I honestly don’t think I am going to find anywhere in the world that hasn’t fallen victim to the Christmas Commerce Bug. Even in Hanoi and Siem Reap Christmas trees popped up on every corner and shops were lavishly decorated in Saigon with wintry scenes of sleighs and frosty trees. I guess if I really want to escape it altogether I might find a corner maybe in Papua New Guinea or in Nepal? Any ideas or recommendations would be welcomed.
In the meantime I will busy myself with taking down the Christmas tree. Funny how everyone wants to help with putting the damn thing up – no-one ever wants to pack it away. That’s OK – I am in the right job to spend a whole year dreaming and planning for a Christmas where Santa won’t be….. I know! The North Pole. Not exactly a beach but hey – maybe I get to see some polar bears – now that would be cool!
A visit to the Killing Fields of Cambodia and the infamous S21 detention centre is not a pleasant experience. It is traumatic. It is upsetting. It is incredible how again and again these atrocities occur – despite the fact that we believe we learn from history and recite the mantra – Never Again.
The detention centre in Phnom Penh – S21 – used to be a high school. Pol Pot’s regime turned it into a chamber of horrors and the evidence is still there – the shackles, the horrific photographs. Only 7 people survived by the time the Vietnamese arrived and I had the honour to meet one of them. Now in his 80’s Chum Manh speaks little English but he does know a few words – like electric shock. He explained to me by sign language and a few words how he was tortured by shock treatment in his ear. He also showed me his knuckles and slid off his shoes to show me his feet where he had been tortured. He has been a witness in the trials of the leaders of the Pol Pot regime.
His story and the stories of all the Cambodian people should be treasured and perhaps one day in the future we will be able to realise the dream of Never Again… Slide show of our photos Genocide Cambodia
Junk – the word has bad connotations for North Americans – so the idea of spending a night on a junk in Ha Long Bay was received with mixed feelings. “Don’t worry”, said Huy our guide “You will have a soft mattress and a small private shower.” In fact what we had was a beautiful room furnished in rich warm woods, crisp white linens and a constantly changing view of magical Ha Long Bay.
Now that it has been named one of the natural wonders of the world Ha Long Bay is certainly busy with visitors from all over the world. I couldn’t help wondering what it was like for those intrepid travellers who ventured out to this region before it had been “discovered”. It must have been magical. Even with numerous junks and day trippers the area has a certain mystery about it – especially when the mist slides over the sea and wraps around the tall jagged islands.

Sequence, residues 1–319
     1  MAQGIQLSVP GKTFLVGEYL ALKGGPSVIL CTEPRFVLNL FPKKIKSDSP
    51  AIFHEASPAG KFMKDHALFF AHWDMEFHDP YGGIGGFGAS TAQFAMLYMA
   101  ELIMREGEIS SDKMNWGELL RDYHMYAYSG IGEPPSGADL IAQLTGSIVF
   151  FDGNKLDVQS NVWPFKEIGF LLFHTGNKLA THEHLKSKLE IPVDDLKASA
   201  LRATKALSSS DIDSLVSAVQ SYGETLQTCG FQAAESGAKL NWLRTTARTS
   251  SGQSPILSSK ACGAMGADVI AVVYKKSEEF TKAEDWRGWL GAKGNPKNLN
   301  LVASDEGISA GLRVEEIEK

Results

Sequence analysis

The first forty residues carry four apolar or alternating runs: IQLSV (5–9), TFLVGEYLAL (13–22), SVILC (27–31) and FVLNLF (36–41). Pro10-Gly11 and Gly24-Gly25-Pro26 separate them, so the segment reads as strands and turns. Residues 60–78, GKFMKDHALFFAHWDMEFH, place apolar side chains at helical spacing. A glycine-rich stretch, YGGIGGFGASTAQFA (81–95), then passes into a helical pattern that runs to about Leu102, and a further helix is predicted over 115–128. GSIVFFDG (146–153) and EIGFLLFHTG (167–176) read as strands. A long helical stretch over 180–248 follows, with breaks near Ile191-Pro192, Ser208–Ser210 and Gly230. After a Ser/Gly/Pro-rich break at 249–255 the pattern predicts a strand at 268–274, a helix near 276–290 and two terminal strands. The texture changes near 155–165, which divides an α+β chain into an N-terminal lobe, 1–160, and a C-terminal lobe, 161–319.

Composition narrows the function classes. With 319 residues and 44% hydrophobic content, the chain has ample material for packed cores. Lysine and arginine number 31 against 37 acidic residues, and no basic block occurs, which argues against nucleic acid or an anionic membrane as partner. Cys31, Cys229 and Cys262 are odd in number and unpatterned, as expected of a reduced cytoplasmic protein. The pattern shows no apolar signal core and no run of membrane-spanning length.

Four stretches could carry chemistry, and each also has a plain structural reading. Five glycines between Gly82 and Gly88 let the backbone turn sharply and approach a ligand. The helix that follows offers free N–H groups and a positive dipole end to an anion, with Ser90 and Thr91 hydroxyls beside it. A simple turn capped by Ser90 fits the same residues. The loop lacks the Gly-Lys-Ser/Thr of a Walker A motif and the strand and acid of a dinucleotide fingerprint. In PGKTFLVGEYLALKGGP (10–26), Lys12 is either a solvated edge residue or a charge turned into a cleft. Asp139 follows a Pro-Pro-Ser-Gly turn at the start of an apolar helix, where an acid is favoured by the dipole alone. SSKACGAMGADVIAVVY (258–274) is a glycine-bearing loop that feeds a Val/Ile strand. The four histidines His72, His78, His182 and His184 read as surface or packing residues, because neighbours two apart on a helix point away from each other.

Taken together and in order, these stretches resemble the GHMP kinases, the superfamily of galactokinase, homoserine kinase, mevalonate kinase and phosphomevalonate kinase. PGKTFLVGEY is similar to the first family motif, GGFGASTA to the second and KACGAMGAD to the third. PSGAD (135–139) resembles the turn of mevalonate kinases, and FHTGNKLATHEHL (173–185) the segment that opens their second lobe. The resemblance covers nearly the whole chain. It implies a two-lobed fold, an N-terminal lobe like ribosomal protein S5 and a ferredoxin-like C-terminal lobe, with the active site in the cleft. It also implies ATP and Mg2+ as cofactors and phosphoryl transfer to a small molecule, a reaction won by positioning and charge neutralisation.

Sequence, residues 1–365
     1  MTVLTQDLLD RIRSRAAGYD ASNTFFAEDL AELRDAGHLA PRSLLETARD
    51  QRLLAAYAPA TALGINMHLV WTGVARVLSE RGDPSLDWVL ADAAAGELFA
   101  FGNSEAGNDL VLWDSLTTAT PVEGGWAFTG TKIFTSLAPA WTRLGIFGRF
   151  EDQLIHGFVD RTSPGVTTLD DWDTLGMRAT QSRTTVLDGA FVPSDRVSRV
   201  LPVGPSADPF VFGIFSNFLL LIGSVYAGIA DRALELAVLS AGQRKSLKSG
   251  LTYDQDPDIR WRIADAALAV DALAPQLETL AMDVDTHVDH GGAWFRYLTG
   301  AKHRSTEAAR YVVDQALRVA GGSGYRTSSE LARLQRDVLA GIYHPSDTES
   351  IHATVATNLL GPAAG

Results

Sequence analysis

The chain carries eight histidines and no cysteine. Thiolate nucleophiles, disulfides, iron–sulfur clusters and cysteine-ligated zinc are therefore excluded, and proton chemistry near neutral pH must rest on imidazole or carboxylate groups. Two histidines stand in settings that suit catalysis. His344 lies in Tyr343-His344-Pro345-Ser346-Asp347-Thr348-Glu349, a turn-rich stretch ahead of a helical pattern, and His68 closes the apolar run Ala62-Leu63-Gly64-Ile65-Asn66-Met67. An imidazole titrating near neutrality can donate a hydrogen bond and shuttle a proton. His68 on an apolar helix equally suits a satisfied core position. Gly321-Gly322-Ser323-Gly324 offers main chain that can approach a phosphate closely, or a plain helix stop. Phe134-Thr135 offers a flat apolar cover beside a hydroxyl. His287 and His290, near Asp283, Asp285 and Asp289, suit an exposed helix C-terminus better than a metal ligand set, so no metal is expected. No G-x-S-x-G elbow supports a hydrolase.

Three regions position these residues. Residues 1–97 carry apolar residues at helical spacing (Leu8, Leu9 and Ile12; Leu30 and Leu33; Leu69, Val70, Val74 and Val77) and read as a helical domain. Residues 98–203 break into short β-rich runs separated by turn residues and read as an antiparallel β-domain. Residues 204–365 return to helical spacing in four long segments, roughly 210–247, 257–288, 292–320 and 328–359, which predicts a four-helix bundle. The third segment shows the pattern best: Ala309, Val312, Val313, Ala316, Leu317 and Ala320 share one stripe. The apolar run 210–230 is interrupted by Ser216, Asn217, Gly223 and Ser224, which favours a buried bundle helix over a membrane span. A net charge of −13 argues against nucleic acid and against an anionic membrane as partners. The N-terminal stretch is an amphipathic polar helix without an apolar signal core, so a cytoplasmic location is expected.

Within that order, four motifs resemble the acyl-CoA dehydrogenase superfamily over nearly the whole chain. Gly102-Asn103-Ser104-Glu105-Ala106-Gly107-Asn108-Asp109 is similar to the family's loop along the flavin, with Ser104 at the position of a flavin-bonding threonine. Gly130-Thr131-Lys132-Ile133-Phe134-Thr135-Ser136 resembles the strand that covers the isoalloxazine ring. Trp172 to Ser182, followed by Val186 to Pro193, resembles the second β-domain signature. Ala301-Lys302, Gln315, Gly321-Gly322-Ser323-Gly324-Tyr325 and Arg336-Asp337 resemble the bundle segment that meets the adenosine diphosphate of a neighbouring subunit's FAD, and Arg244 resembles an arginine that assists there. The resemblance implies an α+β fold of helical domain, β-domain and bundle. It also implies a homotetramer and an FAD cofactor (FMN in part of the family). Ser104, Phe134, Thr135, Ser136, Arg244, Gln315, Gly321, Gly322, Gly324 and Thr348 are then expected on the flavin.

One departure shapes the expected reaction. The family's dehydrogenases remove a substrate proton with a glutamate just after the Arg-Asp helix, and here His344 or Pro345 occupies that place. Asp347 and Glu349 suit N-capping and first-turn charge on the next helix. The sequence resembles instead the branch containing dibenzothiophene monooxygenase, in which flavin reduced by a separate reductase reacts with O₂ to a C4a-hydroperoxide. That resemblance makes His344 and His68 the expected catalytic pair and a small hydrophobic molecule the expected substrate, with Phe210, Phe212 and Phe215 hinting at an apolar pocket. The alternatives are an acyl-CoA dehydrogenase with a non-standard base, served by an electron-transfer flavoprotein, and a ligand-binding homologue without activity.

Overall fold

Our visit there included a ride around a floating village. The village is relatively new, about fifteen years, and was a brilliant solution to the overcrowding of Hanoi. People without homes were offered the chance to come out and start a fishing village and pearl farm which in turn has developed a little tourist industry all of its own. The local people – mostly young girls – ferry visitors around in traditional Vietnamese boats – almost like a gondola in a way. Kids here learn to row from an early age and we saw several very small children lying back in the boats and operating the oars with their feet.
Other highlights of the area include visits to immense caves in the heart of the limestone islands as well as a gruelling 400 step walk up to the top of one of the islands for the “view”. That’s if you can breathe by the time you get up there. Phew! In the heat and humidity that was a mini marathon. By the time we all got down to the beach a dip in the sea was a must – even without a swimsuit. Yes some of our ladies just walked right in with all their clothes on! Good for them!
….. as in crossing that is. Our guide was very specific about instructions for negotiating the streets of Hanoi. “Always cross at the zebra crossing. Once you start crossing the street keep going but slowly. Do not run. Walk slowly so motorbikes will have a good chance to avoid hitting you.”
And they're off!
Now that’s pretty good advice if you ask me. Forget about traffic lights. They work for the most part but don’t be surprised to find scooters, motor bikes or even cars driving around you, in front of you and behind you while crossing at a pedestrian crossing. Oh and don’t get too relaxed walking down the sidewalk. Many bikers use this as a handy way to avoid the traffic. Go figure.
I use the term “bikers” loosely. For us in North America it conjures up Hell’s Angels or mid-life crisis executives clad in black leather from head to foot sitting confidently astride beautiful Harleys or BMW’s. In Hanoi a biker could be literally anyone wanting to get from point A to point B. Lots of girls. Pretty office workers in stockings, suits and heels. Moms and Dads with one or even two babies wedged between them. It’s amazing what these bikes can do and how the riders can balance huge bags of rice, baskets piled sky-high and very long unwieldy aluminium ladders with no sight of that familiar red cloth tied to the end. It’s pedestrian beware and the sight is enough to make any North American traffic cop want to hang up his radar.
I was astonished to see a group of tourists on a bicycle tour through the city. Truly they deserve a medal – maybe this is going to become an Olympic sport one day. It would certainly call on athletes with nerves of steel and great balance – qualities unfortunately that I do not possess. So you won’t be seeing me on the bike in Vietnam – at least not in Hanoi that is.